a variety of cellular compartments, including granules, vesicles and lipid bodies [138]. Tumor
necrosis factor-alpha (TNF-α) was the first cytokine found within lipid bodies, detected
throughout cytoplasmic lipid bodies cores by immune gold EM of different cell types present
in colonic Crohn’s disease biopsies, including infiltrating neutrophils, macrophages and
eosinophils [139]. TNF-α was also found at lipid bodies of circulating monocytes and
neutrophils of septic patients and murine macrophages and neutrophils of experimentally
induced sepsis [3]. Cytoplasmic lipid bodies in isolated human lung mast cells contain the basic
fibroblast growth factor (bFGF), which also is present in the mast cell secretory granules
[140]. Close associations of bFGF-containing lipid bodies and smooth ER, ribosomes and
nuclei were observed in human lung mast cells, which may suggest a non-classical synthetic/
secretory- storage pathway for bFGF in human mast cells [140].
In human eosinophils, TNF-α [139] and the lymphocyte chemoattractants RANTES and IL-16
[141] have been detected at lipid bodies. Notably, suggestive interactions between lipid bodies
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and secretory vesicles involved in cytokine release in these cells termed eosinophil sombrero
vesicles (EoSVs) [142,143], are frequently identified in the cytoplasm and raises a potential
role for lipid bodies in vesicular trafficking (Melo, Dvorak and Weller, unpublished data;
[69].
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If lipid bodies represent additional subcellular storage compartments for cytokines within
leukocytes, routes for cytokine-mediated secretion may exist and still need to be characterized.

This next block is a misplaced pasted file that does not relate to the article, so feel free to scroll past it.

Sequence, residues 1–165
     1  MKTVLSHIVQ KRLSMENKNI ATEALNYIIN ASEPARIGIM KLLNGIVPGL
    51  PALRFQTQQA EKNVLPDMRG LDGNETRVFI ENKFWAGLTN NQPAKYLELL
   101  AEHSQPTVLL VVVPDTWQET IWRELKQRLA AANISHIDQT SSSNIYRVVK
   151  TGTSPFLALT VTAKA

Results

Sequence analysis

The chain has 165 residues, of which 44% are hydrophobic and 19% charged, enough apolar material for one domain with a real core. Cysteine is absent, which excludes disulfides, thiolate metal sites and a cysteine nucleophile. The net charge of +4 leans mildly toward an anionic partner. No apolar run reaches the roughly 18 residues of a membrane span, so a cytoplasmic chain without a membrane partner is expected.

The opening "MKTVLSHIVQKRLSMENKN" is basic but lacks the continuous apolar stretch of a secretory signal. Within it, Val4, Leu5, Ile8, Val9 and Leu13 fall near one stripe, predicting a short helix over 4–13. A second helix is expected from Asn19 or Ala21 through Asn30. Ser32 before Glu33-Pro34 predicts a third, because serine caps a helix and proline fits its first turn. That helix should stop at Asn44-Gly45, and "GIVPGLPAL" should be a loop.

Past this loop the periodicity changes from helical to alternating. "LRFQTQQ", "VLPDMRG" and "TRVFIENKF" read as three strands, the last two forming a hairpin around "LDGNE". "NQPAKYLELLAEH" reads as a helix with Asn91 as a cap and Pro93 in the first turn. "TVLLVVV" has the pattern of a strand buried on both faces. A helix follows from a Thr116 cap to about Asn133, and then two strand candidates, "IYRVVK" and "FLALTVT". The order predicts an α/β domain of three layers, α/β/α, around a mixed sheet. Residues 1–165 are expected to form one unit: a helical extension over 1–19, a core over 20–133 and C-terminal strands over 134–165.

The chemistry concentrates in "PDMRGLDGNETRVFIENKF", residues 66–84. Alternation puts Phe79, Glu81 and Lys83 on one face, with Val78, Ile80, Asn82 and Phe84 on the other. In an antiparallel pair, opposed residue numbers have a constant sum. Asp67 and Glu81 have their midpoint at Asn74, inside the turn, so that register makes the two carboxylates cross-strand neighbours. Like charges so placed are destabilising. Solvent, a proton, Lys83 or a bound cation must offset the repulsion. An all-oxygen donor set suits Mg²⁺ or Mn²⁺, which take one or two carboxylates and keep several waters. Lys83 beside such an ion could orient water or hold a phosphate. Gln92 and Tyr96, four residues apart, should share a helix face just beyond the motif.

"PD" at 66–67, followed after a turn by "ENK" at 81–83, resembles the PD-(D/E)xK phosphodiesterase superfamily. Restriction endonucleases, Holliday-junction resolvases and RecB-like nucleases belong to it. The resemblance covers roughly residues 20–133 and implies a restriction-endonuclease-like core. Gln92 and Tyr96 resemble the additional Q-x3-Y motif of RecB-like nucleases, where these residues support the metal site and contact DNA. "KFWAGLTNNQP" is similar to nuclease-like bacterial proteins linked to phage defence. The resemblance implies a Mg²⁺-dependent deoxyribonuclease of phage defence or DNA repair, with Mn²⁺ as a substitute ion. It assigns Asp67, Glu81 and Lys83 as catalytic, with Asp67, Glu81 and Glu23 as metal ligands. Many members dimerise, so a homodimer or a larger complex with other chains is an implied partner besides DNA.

Alternatively, lipid body-stored cytokines may function as intracrine signaling mediators. In
leukocytes, stimulus-coupled release of cytokine containing granule and/or vesicles to the cell
surface for release is largely dependent on fusion mediated by the SNAREs that are present on
granules/secretory vesicles and on the plasma membrane [144]. The internal membranes and
cytoplasmic domains within lipid bodies may have candidate roles in the processes of vesicular
transport, membrane fusion and protein secretion. Interestingly, a number of proteins likely
involved in vesicular trafficking were shown to localize at lipid bodies in macrophages,
including VAT-1 (synaptic vesicle membrane protein) homologue, SNAP29 (vesicle
membrane fusion protein), transmembrane traffic protein, GTP binding protein SAR 1a, and
Rap-1a [31]. The presence of members of the vesicular trafficking system within lipid bodies
was recently confirmed by Bostrom et al, who showed the presence of NSF (N-ethylmaleimidesensitivefactor), α-SNAP (soluble NSF attachment protein) and the SNARE s (SNAP
receptors), SNAP23 (synaptosomal-associated protein of 23 kDa), syntaxin-5 and VAMP4
(vesicle-associated membrane protein 4) at lipid bodies and demonstrated that SNARE proteins